Weirton should add firefighters

Some Weirton City Council members seem to agree with Fire Chief Jerry Shumate that the community needs more paid firefighters. The question, as Councilman George Ash put it last week, is “how are we going to pay for it?”

“We have been quite grossly understaffed for years,” Shumate told council last Wednesday. He explained the fire department has 24 firefighters, one of them a volunteer. Just across the Ohio River, Steubenville, with approximately the same population as Weirton, has 34 firefighters. Wheeling, with less than twice the population, has 90, Shumate noted.

Shumate proposes applying for a federal grant under the Staffing for Adequate Fire and Emergency Response program. He would like to add five firefighters to Weirton’s department.

If approved, a S.A.F.E.R. grant would cover 75 percent of the cost of new firefighters during the first and second years and 35 percent the third year. After that, the city would be on its own.

It would cost about $680,000 a year to cover the increase sought by Shumate.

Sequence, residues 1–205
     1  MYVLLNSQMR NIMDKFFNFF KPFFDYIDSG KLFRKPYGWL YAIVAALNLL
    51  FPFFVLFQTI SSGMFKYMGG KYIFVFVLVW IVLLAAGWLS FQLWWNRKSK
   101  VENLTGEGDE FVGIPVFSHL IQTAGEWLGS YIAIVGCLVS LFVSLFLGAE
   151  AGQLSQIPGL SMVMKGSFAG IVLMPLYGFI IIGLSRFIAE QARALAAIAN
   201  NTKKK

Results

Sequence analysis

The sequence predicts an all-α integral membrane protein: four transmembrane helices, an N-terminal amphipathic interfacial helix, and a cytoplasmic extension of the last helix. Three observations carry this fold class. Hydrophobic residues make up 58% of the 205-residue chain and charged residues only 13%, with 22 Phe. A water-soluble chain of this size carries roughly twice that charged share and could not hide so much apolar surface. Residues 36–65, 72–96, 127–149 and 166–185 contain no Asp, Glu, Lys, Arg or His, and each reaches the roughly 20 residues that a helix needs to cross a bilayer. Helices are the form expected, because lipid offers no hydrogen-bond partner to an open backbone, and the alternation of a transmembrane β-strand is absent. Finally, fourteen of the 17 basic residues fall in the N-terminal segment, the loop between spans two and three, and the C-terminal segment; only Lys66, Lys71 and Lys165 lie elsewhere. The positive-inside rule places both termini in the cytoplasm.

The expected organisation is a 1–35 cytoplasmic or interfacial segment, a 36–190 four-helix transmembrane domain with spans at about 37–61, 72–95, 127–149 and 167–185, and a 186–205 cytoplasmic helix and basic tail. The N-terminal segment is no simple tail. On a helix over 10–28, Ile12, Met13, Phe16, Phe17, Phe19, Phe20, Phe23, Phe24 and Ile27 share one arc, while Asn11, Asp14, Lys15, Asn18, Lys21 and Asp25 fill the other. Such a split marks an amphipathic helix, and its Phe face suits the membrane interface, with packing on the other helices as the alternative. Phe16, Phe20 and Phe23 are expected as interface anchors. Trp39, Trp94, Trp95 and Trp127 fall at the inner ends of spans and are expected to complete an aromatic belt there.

Obviously, more firefighters would mean better protection against fires and a better emergency medical program. It also could reduce insurance rates for owners of homes and commercial buildings.

In discussing the obstacle of paying for more firefighters, Mayor Harold Miller told council business development has picked up in Weirton. That should result in more revenue for municipal government in the future.

But Miller’s comment raises another point: A stronger fire department could appeal to potential new businesses, especially those involved in industry.

Council members’ first responsibility is a balanced budget without resorting to new taxes and fees, of course. So that has to be a guiding factor in discussing Shumate’s proposal.

It may be that council members cannot see their way clear to add the full number of firefighters the chief wants. Adding to Weirton’s cost of government by $680,000 within four years, as would occur under the SAFER grant scenario, is a daunting prospect.

Still, beefing up the fire department is something council members should consider. In terms of services to residents and businesses, safety needs to be very high on the priority list.

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